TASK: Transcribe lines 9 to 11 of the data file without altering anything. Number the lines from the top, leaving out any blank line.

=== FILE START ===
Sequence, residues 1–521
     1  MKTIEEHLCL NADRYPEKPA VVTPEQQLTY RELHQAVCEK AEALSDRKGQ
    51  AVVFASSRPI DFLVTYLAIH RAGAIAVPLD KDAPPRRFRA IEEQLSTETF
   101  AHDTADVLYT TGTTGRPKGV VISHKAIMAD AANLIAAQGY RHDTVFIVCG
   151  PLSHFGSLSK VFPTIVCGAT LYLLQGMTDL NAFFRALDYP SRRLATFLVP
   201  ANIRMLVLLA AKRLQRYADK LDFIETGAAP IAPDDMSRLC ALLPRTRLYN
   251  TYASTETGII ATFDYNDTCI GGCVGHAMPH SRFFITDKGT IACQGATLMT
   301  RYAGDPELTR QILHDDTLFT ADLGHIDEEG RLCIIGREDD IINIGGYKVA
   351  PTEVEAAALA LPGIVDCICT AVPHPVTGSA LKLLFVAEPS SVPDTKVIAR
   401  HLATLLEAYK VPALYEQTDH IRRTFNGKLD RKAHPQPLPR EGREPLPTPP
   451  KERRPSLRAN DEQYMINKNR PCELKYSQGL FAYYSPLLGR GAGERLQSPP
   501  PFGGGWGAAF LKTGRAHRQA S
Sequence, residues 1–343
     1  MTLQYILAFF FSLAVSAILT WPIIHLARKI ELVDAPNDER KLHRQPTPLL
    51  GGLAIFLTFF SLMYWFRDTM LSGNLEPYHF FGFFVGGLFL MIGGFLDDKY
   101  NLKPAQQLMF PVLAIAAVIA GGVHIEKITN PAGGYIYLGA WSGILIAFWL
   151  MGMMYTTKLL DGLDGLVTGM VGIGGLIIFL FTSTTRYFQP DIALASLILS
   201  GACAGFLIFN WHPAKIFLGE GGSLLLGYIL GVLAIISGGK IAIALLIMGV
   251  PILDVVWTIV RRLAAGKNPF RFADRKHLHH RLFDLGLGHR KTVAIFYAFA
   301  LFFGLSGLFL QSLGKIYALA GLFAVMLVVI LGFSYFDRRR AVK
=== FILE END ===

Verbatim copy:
   351  PTEVEAAALA LPGIVDCICT AVPHPVTGSA LKLLFVAEPS SVPDTKVIAR
   401  HLATLLEAYK VPALYEQTDH IRRTFNGKLD RKAHPQPLPR EGREPLPTPP
   451  KERRPSLRAN DEQYMINKNR PCELKYSQGL FAYYSPLLGR GAGERLQSPP